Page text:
City of Heroes: Ask a DevCity of Heroes "Ask a Dev": Melissa Bianco Answers Your QuestionsCity of Heroes: Ask a Dev - RSS 2.0
Master0: How long does it normally take you to create one zone?
War Witch: Zones in general take several weeks, from start to finish. If you have already read my exceptionally long reply to the previous question, you'll see why. So while Art is building any new art objects or cobbling library pieces together, I'm usually building the spawns and working with the mission writer to make sure everything is in place. It's kind of a piggy-back system, so Art will finish one neighborhood to a point where I can go in and 'populate' it (i.e. lay down spawns, beacons, mission door beacons, etc.) and we continue along until it's complete.
However, a zone like the Shadow Shard took a lot longer to build because it had issues like:
"Well what if I fall off?"
"What if I don't have flight?"
"How can we make it look 'otherworldly'?"
City zones are simpler because they follow a simple structure of lines - roads, buildings, parks, etc. When you deviate from that, you're building new assets from scratch and it's not quite so easy to pop it together like Duplo blocks.
When we decided to redo Faultline, we assumed it would be quick and easy because we weren't starting from scratch, we were just 'moving a few things around'. Yeah, we were wrong. We eliminated 1/3 of the zone and added access to the 'hazard' area. We raised it up and flattened it out. Yes, many elements stayed the same, but it was so much work to incorporate the new geometry that it was far from simple because every single neighborhood had a fundamental layout change to it. Live and learn!
Rikti War Zone was easier because the changes were more subtle. Well, except for a few places where I chose massive changes (i.e. the path leading to the Rikti ship and the Vanguard Base), but even the Base was a piece that I could do "underneath" the world so it didn't affect the zone 'topside' too much (except for the compound), even that was added on to the existing zone by adding a cubby hole.
Master0: Also will you ever introduce weather to create a more realistic environment?
War Witch: Ah weather. Yes, that's been brought up a few times.
So the short answer is 'no'. At the end of the day, we try to implement a system that has a lot of impact in terms of content and playability. Weather, for all intents and purposes, is an aesthetic that doesn't (ultimately) give the player anything to 'do'. (Well, except maybe slip and slide and not see well when it's snowing or hailing. I'm not knocking slipping and sliding. I love our chalet!!)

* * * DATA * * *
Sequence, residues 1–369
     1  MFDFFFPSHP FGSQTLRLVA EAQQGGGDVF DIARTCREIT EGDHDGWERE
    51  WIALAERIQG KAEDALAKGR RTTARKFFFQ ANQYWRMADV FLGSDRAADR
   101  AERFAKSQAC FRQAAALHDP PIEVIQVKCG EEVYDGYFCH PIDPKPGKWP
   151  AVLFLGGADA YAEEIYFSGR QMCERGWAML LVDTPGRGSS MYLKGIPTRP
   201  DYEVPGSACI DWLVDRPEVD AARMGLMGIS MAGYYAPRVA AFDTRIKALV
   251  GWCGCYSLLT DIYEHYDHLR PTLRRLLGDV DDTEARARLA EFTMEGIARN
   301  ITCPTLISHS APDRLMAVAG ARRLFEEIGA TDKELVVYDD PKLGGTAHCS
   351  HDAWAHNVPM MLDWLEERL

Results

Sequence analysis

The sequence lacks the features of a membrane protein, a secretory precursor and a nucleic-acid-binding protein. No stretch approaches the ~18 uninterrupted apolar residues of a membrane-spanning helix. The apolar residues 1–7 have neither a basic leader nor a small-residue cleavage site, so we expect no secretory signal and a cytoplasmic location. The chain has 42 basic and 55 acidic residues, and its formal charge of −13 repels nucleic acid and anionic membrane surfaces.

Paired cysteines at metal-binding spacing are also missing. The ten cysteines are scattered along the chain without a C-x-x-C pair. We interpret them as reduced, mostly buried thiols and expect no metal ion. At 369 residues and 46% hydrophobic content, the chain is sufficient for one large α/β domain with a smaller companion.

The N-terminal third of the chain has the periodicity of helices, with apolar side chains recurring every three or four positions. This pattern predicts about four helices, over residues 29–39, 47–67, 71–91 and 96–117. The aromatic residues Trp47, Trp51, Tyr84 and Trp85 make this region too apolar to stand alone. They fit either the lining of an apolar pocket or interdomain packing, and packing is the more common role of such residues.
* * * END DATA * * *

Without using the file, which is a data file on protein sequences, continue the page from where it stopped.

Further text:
So this is my personal opinion. Your mileage may vary.
So while it gives a type of 'realism' to a game, sometimes 'realism' just plain sucks. I'm not naming names, but I was playing a game a few years back and I was in this zone and it started to rain. The sky grew dark and it really started to come down. When I first experienced this, I was like, "Wow! That's so cool! It's raining!" So I sat there and enjoyed the rain. Then it went away, the sun came out, and I went about my business. A few hours later, it rained again. I was trying to find a particular NPC and all I could see was dark skies and there was little visibility. Since I had no overhead map, I wandered around aimlessly, unable to find a thing.
So then it felt real, all right. I basically had to stop playing and wait for it to end, the visibility was so low. Yes, it was immersive. Yes, it was realistic. I didn't like it at all. After that, any time it would rain, I'd go rummage through the fridge or surf the web because I knew that it was pretty much a waste of my time to try and find anything until I could 'see' again. Even weather modifiers would drive me nuts (like, it's raining - therefore your accuracy goes down; earthquake - you're stuck! etc.) Unless I build a game called Weather Pattern, it's not really going to be high on my list to fight for in terms of implementation.